If Josh, who got pulled into past regrets, came into the present moment, he’d sense his agitation. The pride and excitement he felt as a result of receiving an outstanding work review from his boss overwhelmed him and raised his anxiety. Josh had no idea that he blocked those good feelings using regret as a defense mechanism.

If Greta was in the present moment, she'd have to manage the shame she felt about being a “loser.” (She was not a loser at all, by the way!) Like the tip of an iceberg, her shame and low self-esteem was all that was conscious. Shame, an inhibitory emotion, served to block her long-standing buried anger at the kids in elementary school who had severely bullied her thirty years ago.

If Frank stayed in the present moment instead of turning to his cellphone, he’d get in touch with the terror he felt when he was left alone. Ironically, his job as a successful and high-powered litigator fooled everyone into thinking Frank was fearless and secure in every way.

With all the activity pushing us away from the present moment and causing us to want to avoid how we feel, how do we learn to increase our ability to stay in the moment?

The same way a pianist gets to Carnegie Hall. No, not by taxi. But by practice!

You might be wondering, "Are there any tools to help me practice?"

The answer is Yes!

The practice of mindful meditation is all about staying in the here and now of the moment. There are plenty of free, guided meditations, as well as Apps like Head Space, to help. Pema Chodron's audios are also helpful for this practice. Her voice is comforting as well.

Another great tool is The Change Triangle. One of the reasons I personally use and love teaching The Change Triangle is that it prepares us and guides us through whatever arises when we are present. It helps us understand our emotions so what we experience is more tolerable, less frightening and less mysterious. The Change Triangle also guides us on what to do with our discomfort to make it more manageable like simply naming and validating core emotions without judging them.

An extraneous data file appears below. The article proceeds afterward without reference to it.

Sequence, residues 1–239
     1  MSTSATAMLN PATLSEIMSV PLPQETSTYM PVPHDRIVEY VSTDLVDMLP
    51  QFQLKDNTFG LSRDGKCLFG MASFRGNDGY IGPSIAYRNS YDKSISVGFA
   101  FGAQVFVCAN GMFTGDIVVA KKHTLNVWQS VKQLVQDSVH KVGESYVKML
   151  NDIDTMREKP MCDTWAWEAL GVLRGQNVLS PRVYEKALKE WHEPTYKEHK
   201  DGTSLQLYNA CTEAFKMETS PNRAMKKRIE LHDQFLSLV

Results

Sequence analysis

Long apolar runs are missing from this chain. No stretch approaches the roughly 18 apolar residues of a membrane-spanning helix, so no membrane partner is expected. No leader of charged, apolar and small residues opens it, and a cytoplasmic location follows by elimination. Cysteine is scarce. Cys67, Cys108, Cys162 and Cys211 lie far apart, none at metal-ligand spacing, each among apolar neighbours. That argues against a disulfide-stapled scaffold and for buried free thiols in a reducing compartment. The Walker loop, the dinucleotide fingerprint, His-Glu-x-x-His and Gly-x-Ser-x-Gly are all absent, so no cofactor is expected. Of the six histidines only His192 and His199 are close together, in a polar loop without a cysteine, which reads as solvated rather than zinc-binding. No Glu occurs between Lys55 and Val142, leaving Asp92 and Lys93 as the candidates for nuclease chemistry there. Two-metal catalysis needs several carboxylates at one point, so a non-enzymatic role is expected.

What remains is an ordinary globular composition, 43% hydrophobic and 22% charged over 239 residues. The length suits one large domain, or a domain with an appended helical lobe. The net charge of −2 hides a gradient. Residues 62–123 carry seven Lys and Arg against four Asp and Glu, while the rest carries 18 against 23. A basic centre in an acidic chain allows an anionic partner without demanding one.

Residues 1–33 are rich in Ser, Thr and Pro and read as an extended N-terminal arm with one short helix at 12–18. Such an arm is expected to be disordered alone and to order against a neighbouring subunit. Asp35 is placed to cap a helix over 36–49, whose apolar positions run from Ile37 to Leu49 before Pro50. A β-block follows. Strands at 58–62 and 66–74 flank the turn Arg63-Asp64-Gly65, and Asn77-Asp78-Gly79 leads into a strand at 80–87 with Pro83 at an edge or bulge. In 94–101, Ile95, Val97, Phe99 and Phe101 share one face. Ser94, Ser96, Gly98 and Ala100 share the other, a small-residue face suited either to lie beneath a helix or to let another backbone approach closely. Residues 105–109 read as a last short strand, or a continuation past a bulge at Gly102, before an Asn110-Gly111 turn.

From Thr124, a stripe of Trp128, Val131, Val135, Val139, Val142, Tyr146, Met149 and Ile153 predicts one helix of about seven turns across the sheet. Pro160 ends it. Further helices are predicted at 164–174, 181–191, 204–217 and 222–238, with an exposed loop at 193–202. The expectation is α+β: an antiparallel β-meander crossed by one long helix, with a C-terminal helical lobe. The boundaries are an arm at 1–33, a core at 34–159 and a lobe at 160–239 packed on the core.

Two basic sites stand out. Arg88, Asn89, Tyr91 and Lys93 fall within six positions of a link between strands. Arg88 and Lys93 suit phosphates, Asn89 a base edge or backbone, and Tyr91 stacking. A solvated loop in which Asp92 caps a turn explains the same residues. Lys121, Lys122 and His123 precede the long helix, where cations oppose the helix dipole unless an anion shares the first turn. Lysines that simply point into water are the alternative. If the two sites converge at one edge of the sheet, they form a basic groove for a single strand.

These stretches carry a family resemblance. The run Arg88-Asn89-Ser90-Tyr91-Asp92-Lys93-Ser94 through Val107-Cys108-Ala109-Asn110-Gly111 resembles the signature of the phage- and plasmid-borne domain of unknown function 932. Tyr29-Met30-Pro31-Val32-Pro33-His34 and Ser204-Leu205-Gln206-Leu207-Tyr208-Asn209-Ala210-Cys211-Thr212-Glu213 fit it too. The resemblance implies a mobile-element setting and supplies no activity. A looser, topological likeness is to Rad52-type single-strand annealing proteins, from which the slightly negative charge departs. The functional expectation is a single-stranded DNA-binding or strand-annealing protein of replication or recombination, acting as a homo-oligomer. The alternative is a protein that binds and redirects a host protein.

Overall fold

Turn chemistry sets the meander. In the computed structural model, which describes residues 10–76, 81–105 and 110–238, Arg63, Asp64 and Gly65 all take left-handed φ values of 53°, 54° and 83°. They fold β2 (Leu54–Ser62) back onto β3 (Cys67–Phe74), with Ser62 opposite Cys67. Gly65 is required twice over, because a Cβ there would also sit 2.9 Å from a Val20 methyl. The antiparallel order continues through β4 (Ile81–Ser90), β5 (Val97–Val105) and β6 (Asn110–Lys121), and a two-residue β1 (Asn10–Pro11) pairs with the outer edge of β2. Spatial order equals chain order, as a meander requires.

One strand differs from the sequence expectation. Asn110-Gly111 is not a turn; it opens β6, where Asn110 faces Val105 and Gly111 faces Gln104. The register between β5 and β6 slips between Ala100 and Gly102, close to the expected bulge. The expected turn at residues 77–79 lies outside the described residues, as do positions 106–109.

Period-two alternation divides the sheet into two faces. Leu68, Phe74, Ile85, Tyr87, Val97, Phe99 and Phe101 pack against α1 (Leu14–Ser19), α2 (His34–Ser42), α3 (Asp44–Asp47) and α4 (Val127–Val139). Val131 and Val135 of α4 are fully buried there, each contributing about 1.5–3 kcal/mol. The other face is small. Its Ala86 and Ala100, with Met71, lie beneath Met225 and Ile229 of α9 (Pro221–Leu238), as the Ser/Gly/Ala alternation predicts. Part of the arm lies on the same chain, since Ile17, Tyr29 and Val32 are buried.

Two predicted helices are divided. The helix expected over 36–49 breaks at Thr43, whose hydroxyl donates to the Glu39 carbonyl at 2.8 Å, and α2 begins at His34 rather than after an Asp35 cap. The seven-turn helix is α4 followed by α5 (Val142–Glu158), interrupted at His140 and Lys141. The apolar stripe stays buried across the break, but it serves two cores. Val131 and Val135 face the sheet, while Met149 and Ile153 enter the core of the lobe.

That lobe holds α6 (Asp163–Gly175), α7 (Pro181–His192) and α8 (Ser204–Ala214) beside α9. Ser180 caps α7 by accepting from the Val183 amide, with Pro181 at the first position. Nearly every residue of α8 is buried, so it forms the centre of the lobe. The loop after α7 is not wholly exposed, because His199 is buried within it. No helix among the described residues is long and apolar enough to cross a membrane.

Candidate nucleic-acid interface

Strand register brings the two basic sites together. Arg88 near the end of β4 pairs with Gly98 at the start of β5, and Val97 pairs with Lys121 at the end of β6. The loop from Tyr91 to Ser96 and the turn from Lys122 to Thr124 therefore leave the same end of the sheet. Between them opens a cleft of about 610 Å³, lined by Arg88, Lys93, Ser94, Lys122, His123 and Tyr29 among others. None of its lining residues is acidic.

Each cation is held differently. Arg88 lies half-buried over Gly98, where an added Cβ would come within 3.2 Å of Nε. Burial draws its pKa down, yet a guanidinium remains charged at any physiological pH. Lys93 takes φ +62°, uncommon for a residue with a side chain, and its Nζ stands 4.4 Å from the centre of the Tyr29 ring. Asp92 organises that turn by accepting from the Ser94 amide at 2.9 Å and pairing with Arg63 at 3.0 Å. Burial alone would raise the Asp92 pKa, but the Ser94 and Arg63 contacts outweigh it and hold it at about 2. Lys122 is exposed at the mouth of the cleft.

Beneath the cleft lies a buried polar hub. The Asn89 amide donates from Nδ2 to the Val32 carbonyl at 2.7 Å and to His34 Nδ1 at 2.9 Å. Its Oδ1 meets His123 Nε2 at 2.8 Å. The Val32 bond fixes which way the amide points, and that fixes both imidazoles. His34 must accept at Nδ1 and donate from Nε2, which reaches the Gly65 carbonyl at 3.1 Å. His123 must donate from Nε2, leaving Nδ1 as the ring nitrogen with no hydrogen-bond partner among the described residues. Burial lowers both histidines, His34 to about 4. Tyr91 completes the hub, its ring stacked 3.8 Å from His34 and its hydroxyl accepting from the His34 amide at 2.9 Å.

Lastly, some of us want or need the company of another person as a guide. A meditation coach or an experiential therapist offers individual attention. Suffice it to say, there is no shortage of help when it comes to learning how to stay in the present moment. The rest, however, is up to you.

Learning to be in the present is a great way to get to know our Self more deeply. We do NOT have to go on that journey. We can live in the past. We can live in the future. And we can distract ourselves endlessly with all our screens. But to feel alive and vital, we must live in the present moment, at least some of the time.

Are you here now?

Authors Bio


Hilary Jacobs Hendel, LCSW is a psychotherapist, author, blogger, and speaker specializing in emotions and how to work with them to feel better. Her New York Times article, “It’s Not Always Depression, Sometimes It’s Shame” was the #1 emailed article on March 10, 2015 and lead to the book Hilary is currently writing entitled “It’s Not Always Depression: Working the Change Triangle to Listen to the Body, Discover Core Emotions, & Connect to Your Authentic Self "(Random House USA & Viking Penguin UK, 2018). She also enjoyed being the Mental Health Consultant to the television show Mad Men.

You can sign up for Hilary’s blog to learn more about emotions, tips for everyday living, and updates on the book at